For anyone not born in Vietnam, living here can cause a clash of discourses, a conflict of values. The returning, younger generation of overseas Vietnamese flounder the most — culturally many struggle to balance the values of where they were brought up with those of their roots. But this clash affects all ‘foreigners’ and can come in many forms.
Take a recent report by Human Rights Watch (HRW) lambasting Vietnam for its treatment of “drug addicts”. It made a host of accusations and in doing so latched on to the discourse of the politically correct, ‘high’ moral values of certain elements of the west. Every human, no matter how immoral or how debase, has basic rights that should be respected (except of course when it comes to those who have ‘hurt’ the west).
Unfortunately for these ‘crusaders’ — for essentially they are trying to impose their ‘higher’ morality on the ‘infidels’ of Vietnam — these values just have no sway out here. A byproduct of development is the increase in street crime. For Vietnam, the people whose rights have been abused are the victims of this crime. By committing such an offense, the perpetrator not only loses their right to live a normal, day-to-day life, but foregoes their human rights as defined by HRW. And by general consensus, in Vietnam most of the perpetrators are “drug addicts”.
I'm Right, You're Wrong
Contrasting values also take a different form. Take the traffic. Back in the developed west, “civil society” tells us we must give way, let people cross the street and on the road try to be polite, no matter how much it puts us out. In Vietnam, politeness, giving way and being nice to people is reserved for family, friends and people you respect. On the road, most people you encounter are strangers. So, why be polite?
These are two different value systems. That's all. In the west it's "common sense" to be polite on the road, in Vietnam it’s “common sense” not to be polite of the road. Unfortunately for the country's reputation, tourists come here and can't cross the street, leading to countless blogs, write-ups and word-of-mouth accusations against Vietnam. One person's normal driver is another's maniac.
A recent blog on Thanh Nien Online exemplified a similar clash of values between west and east. “If you mispronounce a word in Vietnamese,” wrote the blogger, “They turn away and won't try to help you.”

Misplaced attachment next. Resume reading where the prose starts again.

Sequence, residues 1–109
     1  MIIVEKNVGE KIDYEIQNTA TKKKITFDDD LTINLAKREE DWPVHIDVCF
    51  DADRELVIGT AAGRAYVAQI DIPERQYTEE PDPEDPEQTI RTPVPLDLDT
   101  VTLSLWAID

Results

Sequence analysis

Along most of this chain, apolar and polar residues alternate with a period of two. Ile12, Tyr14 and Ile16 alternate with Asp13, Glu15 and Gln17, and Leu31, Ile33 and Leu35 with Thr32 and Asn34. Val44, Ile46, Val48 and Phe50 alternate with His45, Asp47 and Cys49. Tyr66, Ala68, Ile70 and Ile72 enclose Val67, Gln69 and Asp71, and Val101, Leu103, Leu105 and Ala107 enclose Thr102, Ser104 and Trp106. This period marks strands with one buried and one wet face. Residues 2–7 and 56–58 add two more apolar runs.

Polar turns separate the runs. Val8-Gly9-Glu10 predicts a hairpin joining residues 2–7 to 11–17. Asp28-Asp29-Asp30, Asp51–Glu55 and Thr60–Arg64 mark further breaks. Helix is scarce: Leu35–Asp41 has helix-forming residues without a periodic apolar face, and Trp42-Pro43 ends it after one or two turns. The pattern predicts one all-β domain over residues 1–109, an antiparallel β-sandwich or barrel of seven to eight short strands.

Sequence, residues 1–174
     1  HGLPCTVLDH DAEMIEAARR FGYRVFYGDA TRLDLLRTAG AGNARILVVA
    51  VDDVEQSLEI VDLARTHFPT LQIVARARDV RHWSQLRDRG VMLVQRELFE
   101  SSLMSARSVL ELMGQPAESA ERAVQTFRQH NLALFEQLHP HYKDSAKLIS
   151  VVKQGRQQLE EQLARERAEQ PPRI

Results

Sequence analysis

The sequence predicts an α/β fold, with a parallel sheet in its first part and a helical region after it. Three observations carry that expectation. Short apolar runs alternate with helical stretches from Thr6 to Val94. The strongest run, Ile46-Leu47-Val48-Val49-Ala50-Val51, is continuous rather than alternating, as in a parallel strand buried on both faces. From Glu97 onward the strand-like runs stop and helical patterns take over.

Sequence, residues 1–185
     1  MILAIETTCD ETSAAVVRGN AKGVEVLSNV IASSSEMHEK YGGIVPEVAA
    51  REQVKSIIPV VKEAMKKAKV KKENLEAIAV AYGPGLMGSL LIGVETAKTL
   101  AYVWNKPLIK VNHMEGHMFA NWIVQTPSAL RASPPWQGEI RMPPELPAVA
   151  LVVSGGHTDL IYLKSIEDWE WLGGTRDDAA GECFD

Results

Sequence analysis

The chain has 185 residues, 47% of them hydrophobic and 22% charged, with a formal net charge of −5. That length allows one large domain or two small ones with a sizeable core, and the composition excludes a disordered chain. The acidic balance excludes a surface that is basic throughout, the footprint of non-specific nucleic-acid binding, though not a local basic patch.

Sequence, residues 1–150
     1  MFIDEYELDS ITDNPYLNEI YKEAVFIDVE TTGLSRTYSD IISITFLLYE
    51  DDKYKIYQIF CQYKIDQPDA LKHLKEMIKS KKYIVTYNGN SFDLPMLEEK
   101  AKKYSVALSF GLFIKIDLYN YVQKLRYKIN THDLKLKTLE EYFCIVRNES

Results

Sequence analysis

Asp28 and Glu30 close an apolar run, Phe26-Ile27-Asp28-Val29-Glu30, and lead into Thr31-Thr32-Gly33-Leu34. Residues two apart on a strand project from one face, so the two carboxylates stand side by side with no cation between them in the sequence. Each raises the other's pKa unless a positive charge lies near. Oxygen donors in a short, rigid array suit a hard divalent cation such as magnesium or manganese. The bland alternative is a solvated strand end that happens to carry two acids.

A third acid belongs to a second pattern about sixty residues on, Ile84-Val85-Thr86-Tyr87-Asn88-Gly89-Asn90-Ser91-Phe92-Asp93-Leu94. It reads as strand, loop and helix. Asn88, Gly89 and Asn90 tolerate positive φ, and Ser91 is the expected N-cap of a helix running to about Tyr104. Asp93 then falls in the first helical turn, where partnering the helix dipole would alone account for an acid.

In the blogger's American belief system this equates to rudeness, but in the Vietnamese belief system, foreigners can't speak Vietnamese. And if you try and communicate with someone who you can't understand, you may end up losing face. So, best to not communicate.
Another issue that recently exploded on Facebook was the destruction of the ‘cultural heritage’ of Saigon. Just in those two words you see the value problem. For the landowners and the people with the power, this is not ‘cultural heritage’. It is valuable land in a city where real estate prices have gone through the roof. And anyway, the buildings in question were built by the French. For the person making the complaint — a long-term foreign resident of this city — the viewpoint couldn’t be more different.
And here lies the problem. Very few value systems or discourses can be indisputably said to be right or wrong — to be a genuine part of the global community, absolutism just doesn’t exist any more. But if you want to live here long-term, then to be successful you need to understand and accept the values of Vietnam. It doesn’t mean you have to embrace them, but dogma just doesn’t work out here. Likewise, for Vietnam to make its way in the world, its people have to understand the values of the ‘foreigner’. The mistake comes when one person thinks their values are better or more worthy than the other’s. And that’s when the trouble starts.
Mine's Bigger than Yours
Anyone who has studied media will have come across the concept of discourses — the hidden messages, ideologies and agendas emanating from the use of language. They run through anything from the spoken day-to-day word through to TV commercials, online blogs, feature articles, music, radio and film. They represent a person or group's belief system, a set of values, and can contrast to such extremes that one person's terrorist is another's freedom fighter.
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